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Blue Men of the Minch

Loch Broom
[58.05404160601192, -5.892065604932105]
Siobhán Beatson
Ullapool Museum

When the tide is at the turning and the wind is fast asleep, And not a wave is curling on the wide, blue deep, Oh, the waters will be churning in the stream that never smiles, Where the Blue Men are splashing round the charmèd isles.1

The Minch, also known as Struth nam Fear Gorm, or the Stream of the Blue Men is notorious for its violent seas and restless waves, that are often caused by fierce Atlantic storms. However for many years the treacherous currents have often been blamed on a clan of mythical beings that have the ability to stir up the waves with their violent swimming and create storms.2

The Blue Men or Storm Kelpies are mythical creatures that are said to live in caves under the Minch, and resemble men in almost every way apart from their bright blue appearance and shiny scaly skin, some myths have hinted to them having tails like mermen, but most accounts only describe them from the waist up. They work together as a family or clan, with a chief ruling over them, and search the Minch for sailors to drown and stricken ships to bring down. Legend says that if the Blue Men are respected and treated well by the sailors then the humans will be treated well in return.

Their leader is said to challenge the captain of the ship to a rhyming contest and should the captain win the ship would be saved. Many ships are said to have floundered due to the lack of skill of the captains. 

One story goes as follows…

The chief of the Blue men bobbed up in front of the ship, and , when waist-high among the tumbling waves, shouted to the skipper:

Man of the black cap. What do you say,

A your proud ship cleaves the brine?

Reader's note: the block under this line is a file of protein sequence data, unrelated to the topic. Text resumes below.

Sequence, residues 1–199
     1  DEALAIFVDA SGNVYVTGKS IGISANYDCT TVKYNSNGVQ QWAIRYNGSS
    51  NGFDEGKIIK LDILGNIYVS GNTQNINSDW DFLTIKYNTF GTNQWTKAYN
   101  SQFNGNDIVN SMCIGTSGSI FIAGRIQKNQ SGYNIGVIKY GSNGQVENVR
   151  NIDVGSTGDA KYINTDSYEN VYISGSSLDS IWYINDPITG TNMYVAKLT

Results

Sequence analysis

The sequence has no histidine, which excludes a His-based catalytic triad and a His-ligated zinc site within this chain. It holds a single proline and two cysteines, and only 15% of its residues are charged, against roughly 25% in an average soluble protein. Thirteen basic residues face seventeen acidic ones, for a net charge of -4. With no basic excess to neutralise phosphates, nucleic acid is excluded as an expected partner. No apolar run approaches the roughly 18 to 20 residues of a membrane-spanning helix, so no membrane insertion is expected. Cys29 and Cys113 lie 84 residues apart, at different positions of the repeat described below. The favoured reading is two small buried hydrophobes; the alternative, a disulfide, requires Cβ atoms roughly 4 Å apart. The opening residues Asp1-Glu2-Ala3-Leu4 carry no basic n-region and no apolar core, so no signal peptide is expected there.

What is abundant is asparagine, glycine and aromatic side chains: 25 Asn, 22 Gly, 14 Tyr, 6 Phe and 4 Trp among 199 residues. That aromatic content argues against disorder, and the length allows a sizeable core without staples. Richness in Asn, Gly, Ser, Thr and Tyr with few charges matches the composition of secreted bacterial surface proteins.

No Sooner were the words spoken that the skipper answered;

My speedy ship takes the shortest way,

And I’ll follow you line by line.

This was at once an answer and a challenge, and the chief of the Blue Men cried angrily:

My men are eager, my men are ready

To drag you below the waves

The skipper answered defiantly in a loud voice:

My ship is speedy, my ship is stead,

It is sank it would wreck your caves.

The chief of the Blue Men was worsened. Never before had a seaman answered him so promptly and so well.

He has no power to injure the ship, because the skipper was as good a bard as he was himself… He signalled to his followers to dive; and down below the wave ridges they all vanished.3

This tradition resembles that of norse flyting, where opponents would challenge each other to a battle of verse and wits, exchanging rhyming insults. 

There are many variations of the origins of the Blue Men of the Minch, some suggest that they originate from the Norse having North African slaves and throwing them over the side of ships, others that they derive from the Tuareg people of Saharan Africa, who were known as the Blue Men of the Desert. Another possibility is that they are linked to the Picts, or ‘painted people in latin’. 

Regardless of their origin they have become one of the most popular folk tales in the North West Highlands and their myth has terrified generations of fishermen.

 1 Donald Alexander MacKenzie, Wonder Tales from Scottish Myth and Legend (Ontario, 1997),  p. 79

2  Fee, ‘Wordsmiths of the Waters: The Blue Men of the Minich’, Wee White House Blog, (2015),  [Accessed 22nd March 2023].

 3 Donald Alexander MacKenzie, Wonder Tales from Scottish Myth and Legend (Ontario, 1997),  p. 79